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3.5 million 'Spanish' Jews to apply for citizenship

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3.5 million 'Spanish' Jews to apply for citizenship
A postcard of a Sephardi Jewish couple from Sarajevo, photo taken in 1900. File Photo: Historijski Muzej Sarajevo/Wikipedia
11:26 CET+01:00
Jewish associations expect 3.5 million Sephardic Jews to apply for Spanish citizenship after Spain's Justice Ministry approved a draft law which will allow them to return to the country their ancestors were kicked out of more than 500 years ago.

The descendants of Sephardic Jews banished from Spain in 1492 will now be able to regain Spanish nationality under a new law approved by Madrid’s Cabinet of Ministers on Friday.

Those who can prove their Spanish origins will be able to apply for dual nationality at the Federation of Jewish Communities of Spain, El Mundo newspaper reported on Sunday.

According to Israel’s Latin American, Spanish and Portuguese Association (OLEI), the newly-approved legislation has already resulted in a flurry of applications from Sephardic Jews around the world.

“The power awarded to the Federation of Jewish Communities of Spain to decide who gets nationality is a complication as they only have a handful of volunteers to process an avalanche of applications all sent at the same time,” OLEI president Leon Amrias told Israeli daily Yedioth Aharonoth.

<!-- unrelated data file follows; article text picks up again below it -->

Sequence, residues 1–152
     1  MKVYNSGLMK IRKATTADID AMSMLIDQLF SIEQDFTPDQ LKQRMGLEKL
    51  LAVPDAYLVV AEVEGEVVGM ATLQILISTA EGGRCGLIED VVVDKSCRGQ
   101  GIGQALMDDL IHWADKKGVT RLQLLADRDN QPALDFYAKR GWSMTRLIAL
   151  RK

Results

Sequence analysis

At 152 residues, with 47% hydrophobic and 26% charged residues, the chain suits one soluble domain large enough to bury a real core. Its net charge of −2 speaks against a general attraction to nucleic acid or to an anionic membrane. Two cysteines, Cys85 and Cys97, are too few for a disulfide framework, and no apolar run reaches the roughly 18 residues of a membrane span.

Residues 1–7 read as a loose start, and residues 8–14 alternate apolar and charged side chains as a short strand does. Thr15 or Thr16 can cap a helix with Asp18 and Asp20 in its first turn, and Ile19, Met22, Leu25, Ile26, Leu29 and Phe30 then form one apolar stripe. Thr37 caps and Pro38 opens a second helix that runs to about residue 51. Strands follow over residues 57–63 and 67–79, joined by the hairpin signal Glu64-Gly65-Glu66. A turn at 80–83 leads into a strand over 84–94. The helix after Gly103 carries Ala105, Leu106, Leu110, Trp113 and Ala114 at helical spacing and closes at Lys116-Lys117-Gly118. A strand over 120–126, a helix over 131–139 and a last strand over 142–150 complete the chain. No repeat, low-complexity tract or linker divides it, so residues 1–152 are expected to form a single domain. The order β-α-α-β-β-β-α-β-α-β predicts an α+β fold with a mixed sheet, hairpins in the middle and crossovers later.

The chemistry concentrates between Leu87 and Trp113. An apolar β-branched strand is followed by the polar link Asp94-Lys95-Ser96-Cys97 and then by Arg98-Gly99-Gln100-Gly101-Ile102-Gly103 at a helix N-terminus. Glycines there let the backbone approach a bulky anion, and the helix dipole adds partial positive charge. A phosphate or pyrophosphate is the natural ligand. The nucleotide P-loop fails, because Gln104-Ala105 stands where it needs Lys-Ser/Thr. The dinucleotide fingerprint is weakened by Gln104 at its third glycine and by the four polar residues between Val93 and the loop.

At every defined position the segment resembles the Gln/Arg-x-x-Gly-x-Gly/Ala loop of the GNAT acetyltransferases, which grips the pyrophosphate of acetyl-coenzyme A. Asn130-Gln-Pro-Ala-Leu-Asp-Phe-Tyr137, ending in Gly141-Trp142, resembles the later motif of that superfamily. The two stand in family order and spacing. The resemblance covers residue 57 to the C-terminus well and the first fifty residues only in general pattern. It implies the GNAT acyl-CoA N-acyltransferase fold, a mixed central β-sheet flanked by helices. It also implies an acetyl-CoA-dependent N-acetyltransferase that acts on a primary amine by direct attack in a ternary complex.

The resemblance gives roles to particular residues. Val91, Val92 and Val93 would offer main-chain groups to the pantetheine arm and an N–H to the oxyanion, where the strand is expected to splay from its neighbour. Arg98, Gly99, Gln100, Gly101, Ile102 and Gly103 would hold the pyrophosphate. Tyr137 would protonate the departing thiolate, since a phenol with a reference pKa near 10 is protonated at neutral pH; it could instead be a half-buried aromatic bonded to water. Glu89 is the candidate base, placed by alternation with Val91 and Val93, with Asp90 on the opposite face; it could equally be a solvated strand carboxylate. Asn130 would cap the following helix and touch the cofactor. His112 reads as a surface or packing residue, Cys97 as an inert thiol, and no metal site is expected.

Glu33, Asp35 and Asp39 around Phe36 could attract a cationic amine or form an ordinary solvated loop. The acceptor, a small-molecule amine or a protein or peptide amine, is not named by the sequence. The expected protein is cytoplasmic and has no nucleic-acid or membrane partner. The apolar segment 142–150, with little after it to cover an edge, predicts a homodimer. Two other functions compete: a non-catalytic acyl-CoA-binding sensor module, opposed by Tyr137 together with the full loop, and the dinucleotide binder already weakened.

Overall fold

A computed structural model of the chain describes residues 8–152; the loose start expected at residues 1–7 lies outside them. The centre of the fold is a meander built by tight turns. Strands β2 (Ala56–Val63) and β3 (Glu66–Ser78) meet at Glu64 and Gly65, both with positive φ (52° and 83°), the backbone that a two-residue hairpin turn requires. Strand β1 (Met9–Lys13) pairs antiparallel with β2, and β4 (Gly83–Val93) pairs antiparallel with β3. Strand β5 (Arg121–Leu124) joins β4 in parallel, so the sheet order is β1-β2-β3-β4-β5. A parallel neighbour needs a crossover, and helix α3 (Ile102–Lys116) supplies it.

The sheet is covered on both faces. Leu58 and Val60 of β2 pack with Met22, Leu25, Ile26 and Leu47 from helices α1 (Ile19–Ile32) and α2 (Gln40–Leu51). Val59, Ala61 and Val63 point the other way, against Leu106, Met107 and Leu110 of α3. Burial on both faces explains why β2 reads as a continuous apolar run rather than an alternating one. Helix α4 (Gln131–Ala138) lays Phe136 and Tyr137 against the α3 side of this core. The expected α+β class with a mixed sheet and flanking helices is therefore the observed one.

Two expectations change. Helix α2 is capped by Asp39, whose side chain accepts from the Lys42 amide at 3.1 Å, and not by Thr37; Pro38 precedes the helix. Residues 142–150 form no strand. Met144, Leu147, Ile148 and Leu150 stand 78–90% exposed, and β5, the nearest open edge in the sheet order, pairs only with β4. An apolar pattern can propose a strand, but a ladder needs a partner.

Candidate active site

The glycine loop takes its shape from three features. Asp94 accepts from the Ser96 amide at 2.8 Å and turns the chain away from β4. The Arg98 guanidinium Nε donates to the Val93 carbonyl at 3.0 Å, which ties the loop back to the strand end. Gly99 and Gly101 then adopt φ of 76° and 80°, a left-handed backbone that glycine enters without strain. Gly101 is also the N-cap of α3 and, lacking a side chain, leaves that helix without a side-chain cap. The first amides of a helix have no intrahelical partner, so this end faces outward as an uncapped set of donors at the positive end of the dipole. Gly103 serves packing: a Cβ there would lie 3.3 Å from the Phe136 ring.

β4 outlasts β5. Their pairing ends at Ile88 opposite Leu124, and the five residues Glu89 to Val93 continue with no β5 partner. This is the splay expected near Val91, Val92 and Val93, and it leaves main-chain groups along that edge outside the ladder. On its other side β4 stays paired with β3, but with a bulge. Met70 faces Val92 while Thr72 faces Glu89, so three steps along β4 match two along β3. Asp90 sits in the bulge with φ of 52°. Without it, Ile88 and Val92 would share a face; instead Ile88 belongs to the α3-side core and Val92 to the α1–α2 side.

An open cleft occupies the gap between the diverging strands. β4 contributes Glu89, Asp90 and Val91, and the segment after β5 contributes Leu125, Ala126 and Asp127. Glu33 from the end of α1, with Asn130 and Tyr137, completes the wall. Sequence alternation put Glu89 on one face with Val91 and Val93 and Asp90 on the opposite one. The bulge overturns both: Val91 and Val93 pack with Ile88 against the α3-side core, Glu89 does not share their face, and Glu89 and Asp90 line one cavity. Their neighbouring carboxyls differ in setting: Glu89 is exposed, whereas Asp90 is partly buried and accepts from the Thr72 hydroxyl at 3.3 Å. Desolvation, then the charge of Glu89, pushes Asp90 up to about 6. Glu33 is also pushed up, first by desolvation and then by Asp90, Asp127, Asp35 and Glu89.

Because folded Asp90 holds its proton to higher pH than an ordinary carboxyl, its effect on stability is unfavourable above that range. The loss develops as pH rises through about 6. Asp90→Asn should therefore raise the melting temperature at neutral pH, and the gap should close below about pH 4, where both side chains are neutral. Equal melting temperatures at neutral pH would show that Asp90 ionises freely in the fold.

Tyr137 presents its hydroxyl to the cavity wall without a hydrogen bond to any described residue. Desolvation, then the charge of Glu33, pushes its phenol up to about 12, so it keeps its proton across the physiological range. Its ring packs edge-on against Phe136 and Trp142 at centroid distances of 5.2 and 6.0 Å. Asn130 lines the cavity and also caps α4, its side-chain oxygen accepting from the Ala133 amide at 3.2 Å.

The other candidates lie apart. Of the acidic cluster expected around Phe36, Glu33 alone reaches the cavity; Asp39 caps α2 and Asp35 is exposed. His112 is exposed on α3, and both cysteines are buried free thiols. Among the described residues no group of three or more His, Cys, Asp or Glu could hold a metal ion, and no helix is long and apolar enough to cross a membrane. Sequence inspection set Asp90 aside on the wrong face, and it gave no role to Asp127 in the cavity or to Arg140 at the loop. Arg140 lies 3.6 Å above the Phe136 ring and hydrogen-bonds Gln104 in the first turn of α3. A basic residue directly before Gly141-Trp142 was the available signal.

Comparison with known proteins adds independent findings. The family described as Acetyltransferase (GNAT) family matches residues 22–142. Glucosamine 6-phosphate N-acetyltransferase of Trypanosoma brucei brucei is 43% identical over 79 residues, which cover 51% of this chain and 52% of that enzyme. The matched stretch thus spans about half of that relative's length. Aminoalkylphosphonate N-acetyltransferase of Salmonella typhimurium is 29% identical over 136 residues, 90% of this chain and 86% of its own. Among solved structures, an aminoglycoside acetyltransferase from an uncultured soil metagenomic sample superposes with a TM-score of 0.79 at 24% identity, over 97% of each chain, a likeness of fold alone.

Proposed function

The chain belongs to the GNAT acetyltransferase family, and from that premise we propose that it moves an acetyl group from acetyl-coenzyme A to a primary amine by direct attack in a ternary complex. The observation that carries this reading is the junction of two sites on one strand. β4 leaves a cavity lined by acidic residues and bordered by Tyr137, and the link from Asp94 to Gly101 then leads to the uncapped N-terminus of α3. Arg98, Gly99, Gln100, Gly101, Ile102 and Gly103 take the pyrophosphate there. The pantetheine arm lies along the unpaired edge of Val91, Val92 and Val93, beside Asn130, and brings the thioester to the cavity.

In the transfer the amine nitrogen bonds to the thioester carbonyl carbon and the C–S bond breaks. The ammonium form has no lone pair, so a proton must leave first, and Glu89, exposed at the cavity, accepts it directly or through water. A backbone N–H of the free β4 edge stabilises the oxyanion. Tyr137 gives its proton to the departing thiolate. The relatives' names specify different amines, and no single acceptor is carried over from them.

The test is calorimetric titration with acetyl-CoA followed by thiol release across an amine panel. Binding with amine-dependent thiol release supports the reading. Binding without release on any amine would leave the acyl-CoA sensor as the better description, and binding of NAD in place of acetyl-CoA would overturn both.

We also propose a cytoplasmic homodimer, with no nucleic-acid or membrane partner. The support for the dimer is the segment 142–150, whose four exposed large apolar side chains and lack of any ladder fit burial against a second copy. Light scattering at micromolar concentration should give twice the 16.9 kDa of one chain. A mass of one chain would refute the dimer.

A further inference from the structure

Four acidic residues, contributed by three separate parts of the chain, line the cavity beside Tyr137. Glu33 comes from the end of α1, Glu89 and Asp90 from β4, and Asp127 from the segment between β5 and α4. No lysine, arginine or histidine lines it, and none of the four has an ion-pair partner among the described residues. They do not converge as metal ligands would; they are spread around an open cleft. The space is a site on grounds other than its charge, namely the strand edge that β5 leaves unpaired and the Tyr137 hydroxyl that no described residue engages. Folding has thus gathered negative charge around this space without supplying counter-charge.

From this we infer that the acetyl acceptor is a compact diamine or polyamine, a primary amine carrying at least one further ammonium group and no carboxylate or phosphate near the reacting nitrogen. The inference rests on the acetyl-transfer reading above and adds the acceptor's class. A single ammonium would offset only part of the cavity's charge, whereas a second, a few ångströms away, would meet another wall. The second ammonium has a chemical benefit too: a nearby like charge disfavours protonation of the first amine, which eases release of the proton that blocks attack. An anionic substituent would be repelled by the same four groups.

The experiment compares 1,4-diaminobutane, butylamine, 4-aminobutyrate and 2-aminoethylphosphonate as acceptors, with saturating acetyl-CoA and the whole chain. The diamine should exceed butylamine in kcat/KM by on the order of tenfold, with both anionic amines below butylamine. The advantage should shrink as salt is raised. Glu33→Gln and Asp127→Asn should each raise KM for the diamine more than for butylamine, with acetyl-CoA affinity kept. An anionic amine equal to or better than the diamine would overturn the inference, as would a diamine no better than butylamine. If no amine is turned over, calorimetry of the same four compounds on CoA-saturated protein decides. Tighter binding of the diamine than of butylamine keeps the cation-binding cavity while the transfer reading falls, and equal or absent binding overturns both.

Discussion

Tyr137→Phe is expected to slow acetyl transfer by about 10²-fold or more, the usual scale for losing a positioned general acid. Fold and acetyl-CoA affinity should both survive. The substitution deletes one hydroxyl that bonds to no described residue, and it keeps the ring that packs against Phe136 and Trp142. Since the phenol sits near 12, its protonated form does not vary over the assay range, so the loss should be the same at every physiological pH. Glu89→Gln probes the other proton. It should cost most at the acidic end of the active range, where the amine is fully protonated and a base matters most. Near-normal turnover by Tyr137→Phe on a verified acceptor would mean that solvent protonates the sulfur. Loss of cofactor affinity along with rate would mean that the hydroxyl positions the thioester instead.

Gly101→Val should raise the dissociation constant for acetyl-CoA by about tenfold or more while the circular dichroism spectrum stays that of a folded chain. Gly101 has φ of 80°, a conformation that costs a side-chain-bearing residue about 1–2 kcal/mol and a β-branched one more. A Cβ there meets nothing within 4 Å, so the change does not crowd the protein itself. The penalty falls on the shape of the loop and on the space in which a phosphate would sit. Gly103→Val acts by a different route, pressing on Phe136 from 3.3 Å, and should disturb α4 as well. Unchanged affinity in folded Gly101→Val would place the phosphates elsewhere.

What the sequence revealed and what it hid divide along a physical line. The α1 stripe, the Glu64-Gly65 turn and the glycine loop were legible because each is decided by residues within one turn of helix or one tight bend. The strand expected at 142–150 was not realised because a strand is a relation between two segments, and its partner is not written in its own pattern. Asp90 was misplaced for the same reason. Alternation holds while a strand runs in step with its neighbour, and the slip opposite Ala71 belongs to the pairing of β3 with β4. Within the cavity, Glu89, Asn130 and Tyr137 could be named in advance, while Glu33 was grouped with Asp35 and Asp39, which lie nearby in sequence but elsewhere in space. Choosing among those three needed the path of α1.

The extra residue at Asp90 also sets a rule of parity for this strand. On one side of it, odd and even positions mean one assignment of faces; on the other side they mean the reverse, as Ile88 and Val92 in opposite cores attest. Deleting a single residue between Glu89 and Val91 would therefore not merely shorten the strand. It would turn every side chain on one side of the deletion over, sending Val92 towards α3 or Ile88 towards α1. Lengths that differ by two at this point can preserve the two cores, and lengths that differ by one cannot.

It is estimated a total of 3.5 million Sephardic Jews will apply for Spanish citizenship, many of whom have already begun translating old documents to prove their roots and heritage.

“People want to work there (Spain) and there are also feelings involved,” Maya Weiss-Tamir, a lawyer dealing with Spanish nationality applications, told El Mundo.

Spanish Jews once made up one of the largest and wealthiest Jewish communities in Western Europe.

Jewish contact with the land once known as Iberia could date back to the time of King Solomon, around 950 BC.

Sephardic Jews in Spain were able to prosper and live in relative peace under both Muslim and Christian rule until Catholics Kings Ferdinand and Isabel issued the Alhambra Decree in 1492.

This resulted in forced conversions to Catholicism, killings and expulsion of all Sephardic Jews in Spain.

Spanish Justice Minister Alberto Ruiz-Gallardón  referred to the new legislation as a reparation of what was “without a doubt one of the most significant mistakes in (Spanish) history”.

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